In the current study, most COVID-19 patients who died were aged ≥65 years (55%), and old age was a predictor for early mortality during short stay hospitalization, which is consistent with the findings of other studies.3,8,17 The immune response decreases with age, which, in turn, increases the risk of death due to COVID-19.18,19 Most COVID-19 patients who died belonged to blood group O (72%); however, an association between blood group and mortality risk related to COVID-19 was not identified in a previous study .20 Thus, it is likely that blood group O is prevalent in the Saudi population living in Jazan Region. Most patients who died of COVID-19 in the current study had two or more comorbidities, with diabetes being the most prevalent (70%). These results are consistent with the findings of a previous report.8,16
Respiratory failure (70%) and acute respiratory distress syndrome (52%) were the most common complications leading to death in COVID-19 patients. A similar finding was reported elsewhere.8 Human airway epithelia express angiotensin-converting enzyme 2 (ACE2), a host cell receptor for SARS-CoV-2 infection. Of all organs, the lungs are most impacted by SARS-CoV-2 infection.21 In one study, the pathological findings indicated that patients whose lungs were infected with SARS-CoV-2 presented with acute respiratory distress syndrome, pulmonary hyaline membrane formation, and evidence of pneumocyte desquamation.22 ACE2 expression also takes place in the heart, liver, and kidney organs, and damage to these organs, due to the invasion of SARS-CoV-2, was observed in the current study using the laboratory findings.8
The laboratory parameters were predictive of severe COVID-19 symptoms and the risk of early mortality. In the current study, white blood cell (WBC) count was elevated (>10×109 cells/L) upon admission and increased significantly prior to death (15.5 × 109 cells/L). The elevation in WBC count correlated with disease severity.23 In addition, an increase in neutrophils (median of 12.9×109 cells/L) and a decrease in lymphocytes (median of 0.5×109 cells/L) was also observed prior to death. This finding corresponds with that of a previous study that reported that COVID-19 patients with severe symptoms had more neutrophils and fewer lymphocytes compared to COVID-19 patients with non-severe disease.16 The age of COVID-19 patients may be used to determine the risk of lymphocytopenia and its progression,24 while lymphocytopenia can be utilized to predict disease severity.25,26 It has been hypothesized that lymphocytopenia is associated with the inflammatory process (cytokine storm syndrome), direct lymphocyte infection, and lymphoid organ destruction.25,27 The administration of glucocorticosteroids in the treatment of COVID-19 patients may lead to lymphocytopenia.28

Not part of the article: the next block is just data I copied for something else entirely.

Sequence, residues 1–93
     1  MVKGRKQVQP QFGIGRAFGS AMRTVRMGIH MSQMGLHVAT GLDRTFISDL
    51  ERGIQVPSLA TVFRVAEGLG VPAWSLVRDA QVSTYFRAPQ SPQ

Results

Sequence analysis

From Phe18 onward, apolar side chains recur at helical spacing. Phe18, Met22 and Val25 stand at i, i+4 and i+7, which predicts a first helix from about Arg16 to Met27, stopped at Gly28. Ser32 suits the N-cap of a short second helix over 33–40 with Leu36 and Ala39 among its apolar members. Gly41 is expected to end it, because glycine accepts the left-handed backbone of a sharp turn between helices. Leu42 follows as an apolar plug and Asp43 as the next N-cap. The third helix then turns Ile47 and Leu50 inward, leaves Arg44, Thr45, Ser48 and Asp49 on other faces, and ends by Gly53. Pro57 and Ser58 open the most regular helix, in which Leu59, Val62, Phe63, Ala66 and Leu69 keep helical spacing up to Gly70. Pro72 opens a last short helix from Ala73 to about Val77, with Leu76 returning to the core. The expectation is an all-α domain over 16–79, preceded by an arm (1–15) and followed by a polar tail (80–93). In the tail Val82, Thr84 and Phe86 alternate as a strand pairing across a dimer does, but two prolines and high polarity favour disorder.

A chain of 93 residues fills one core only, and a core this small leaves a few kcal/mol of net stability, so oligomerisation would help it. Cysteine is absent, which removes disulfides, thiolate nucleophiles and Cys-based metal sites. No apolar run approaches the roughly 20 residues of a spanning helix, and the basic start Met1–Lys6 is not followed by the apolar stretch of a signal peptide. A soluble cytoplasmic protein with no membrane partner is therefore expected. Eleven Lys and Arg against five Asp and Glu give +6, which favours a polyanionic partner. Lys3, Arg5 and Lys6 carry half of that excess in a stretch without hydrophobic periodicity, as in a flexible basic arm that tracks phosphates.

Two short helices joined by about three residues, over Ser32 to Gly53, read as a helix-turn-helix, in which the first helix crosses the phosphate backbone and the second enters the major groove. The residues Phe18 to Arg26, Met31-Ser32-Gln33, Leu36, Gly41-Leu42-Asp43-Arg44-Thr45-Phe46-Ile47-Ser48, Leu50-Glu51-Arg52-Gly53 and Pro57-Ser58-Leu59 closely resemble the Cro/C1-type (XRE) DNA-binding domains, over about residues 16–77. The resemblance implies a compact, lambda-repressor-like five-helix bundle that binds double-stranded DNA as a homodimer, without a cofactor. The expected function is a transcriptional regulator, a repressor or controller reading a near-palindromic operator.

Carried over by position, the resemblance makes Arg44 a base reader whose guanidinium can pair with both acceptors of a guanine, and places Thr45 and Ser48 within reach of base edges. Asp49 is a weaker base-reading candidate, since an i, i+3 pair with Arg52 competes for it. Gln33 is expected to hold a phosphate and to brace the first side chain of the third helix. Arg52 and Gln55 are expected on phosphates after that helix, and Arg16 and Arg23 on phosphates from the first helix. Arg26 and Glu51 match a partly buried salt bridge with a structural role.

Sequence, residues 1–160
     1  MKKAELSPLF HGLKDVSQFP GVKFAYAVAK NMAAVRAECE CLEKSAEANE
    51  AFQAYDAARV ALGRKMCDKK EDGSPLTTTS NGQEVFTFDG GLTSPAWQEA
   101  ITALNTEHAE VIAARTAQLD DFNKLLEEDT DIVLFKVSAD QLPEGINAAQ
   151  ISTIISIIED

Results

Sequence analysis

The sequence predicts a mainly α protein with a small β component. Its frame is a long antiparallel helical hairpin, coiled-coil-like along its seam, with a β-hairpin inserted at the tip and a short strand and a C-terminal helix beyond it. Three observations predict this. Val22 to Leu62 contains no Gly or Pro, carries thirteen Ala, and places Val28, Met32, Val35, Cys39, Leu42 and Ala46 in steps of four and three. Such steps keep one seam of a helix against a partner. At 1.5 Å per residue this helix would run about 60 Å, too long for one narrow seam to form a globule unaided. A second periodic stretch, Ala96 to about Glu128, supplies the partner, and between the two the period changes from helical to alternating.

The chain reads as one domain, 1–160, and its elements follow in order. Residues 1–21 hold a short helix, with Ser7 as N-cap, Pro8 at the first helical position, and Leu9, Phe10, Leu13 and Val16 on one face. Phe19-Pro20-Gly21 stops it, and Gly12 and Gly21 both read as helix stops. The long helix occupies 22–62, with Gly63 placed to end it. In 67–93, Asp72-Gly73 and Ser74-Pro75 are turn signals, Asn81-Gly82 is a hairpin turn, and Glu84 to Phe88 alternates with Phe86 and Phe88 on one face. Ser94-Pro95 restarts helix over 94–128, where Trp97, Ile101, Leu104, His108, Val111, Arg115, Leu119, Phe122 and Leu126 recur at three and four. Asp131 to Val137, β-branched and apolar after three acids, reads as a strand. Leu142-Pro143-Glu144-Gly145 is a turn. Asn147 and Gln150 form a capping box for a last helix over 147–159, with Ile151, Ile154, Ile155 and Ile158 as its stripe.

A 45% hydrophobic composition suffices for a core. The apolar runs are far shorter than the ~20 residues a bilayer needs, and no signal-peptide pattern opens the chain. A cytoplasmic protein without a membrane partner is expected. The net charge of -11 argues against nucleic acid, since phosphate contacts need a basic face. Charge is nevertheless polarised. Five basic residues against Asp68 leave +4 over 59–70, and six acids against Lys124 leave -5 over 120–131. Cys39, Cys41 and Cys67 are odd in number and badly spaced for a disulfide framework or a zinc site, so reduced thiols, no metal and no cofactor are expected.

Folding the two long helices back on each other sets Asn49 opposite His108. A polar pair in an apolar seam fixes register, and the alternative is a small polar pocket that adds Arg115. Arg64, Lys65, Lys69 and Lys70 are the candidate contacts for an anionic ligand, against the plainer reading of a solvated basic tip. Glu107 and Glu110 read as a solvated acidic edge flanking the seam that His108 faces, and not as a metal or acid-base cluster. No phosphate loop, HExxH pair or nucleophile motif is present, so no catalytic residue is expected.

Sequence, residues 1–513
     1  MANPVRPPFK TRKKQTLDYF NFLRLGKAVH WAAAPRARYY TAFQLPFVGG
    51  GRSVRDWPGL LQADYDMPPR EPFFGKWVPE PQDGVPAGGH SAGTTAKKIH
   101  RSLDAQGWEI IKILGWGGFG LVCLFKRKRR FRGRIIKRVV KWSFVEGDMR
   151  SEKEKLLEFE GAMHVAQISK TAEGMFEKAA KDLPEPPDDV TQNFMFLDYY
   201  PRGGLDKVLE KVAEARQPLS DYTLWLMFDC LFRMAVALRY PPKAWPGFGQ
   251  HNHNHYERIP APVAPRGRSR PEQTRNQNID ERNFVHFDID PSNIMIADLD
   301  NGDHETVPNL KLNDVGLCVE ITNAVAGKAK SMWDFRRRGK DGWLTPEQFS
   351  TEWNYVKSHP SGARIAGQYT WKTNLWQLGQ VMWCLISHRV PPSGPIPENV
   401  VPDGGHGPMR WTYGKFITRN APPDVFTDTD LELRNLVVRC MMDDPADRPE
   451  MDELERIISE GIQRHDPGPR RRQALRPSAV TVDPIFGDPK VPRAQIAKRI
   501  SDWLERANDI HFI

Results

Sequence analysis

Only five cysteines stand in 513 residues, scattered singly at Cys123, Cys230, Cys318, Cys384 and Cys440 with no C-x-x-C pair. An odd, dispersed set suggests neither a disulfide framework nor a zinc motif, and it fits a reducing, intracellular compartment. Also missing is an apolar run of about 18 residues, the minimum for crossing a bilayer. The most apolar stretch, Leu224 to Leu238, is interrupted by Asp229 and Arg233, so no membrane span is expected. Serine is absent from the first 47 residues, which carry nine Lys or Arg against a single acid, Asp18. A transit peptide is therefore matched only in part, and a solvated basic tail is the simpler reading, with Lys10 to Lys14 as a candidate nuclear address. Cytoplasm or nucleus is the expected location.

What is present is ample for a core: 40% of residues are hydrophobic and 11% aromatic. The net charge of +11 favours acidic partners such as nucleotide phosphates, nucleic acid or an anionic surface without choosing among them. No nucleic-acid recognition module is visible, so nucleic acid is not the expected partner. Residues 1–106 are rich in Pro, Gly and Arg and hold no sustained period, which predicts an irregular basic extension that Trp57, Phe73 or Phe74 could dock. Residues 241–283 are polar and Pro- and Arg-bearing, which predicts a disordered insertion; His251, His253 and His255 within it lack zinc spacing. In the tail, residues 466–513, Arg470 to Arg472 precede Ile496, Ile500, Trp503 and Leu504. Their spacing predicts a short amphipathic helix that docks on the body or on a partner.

The patient’s hemoglobin levels were within the normal range in the current study, similar to the finding of previous research.23,24,29–31 However, patients with severe symptoms exhibited lower hemoglobin levels, compared to those with mild symptoms, in one meta-analysis study.32 Platelet count was also within the normal range in the current research; similarly, thrombocytopenia was not identified in other similar studies that investigated this.16,23,29–31 An increase in serum ferritin levels was observed in COVID-19 patients upon admission and prior to death (median of 774, IQR of 404–1845). These results mirror those of previous studies.29,30 This finding may be elucidated by severe inflammation as ferritin is a positive acute-phase protein.33 D-dimer levels were also markedly increased in the COVID-19 patients under investigation, and this finding is supported elsewhere.23,29,30,34 An increase in D-dimer levels is associated with high fibrin degradation products levels and low antithrombin activity, as well as the risk of thrombotic and hemorrhagic complications.35,36 The rate of erythrocyte sedimentation was also significantly elevated in the current study, and this finding is corroborated in other studies.37,38
Most of these risk factors are linked, in varying degrees, to the progression of acute respiratory distress syndrome secondary to SARS-CoV-2, and they contribute to the exacerbation of pre-existing chronic inflammation, which then progresses to cytokine storm and the rapid impairment of endothelial function.39
The proportion of comorbidities was high in deceased patients who were hospitalized with COVID-19 in Jazan region, Saudi Arabia. A higher age, smoking, and respiratory failure were significant predictors of mortality during the early stay in hospitals.
Data Sharing Statement
The data that support the findings of this study are available on request from the corresponding author, Mohammed Badedi.
The Jazan Health Ethics Committee (Reference number: H-10-Z-073) granted ethical approval (No. 2030) for the study to be conducted, and the research complied with the Declaration of Helsinki. Consent was waived as data were anonymous and collected retrospectively (secondary data).
The authors report no conflict of interests in this work.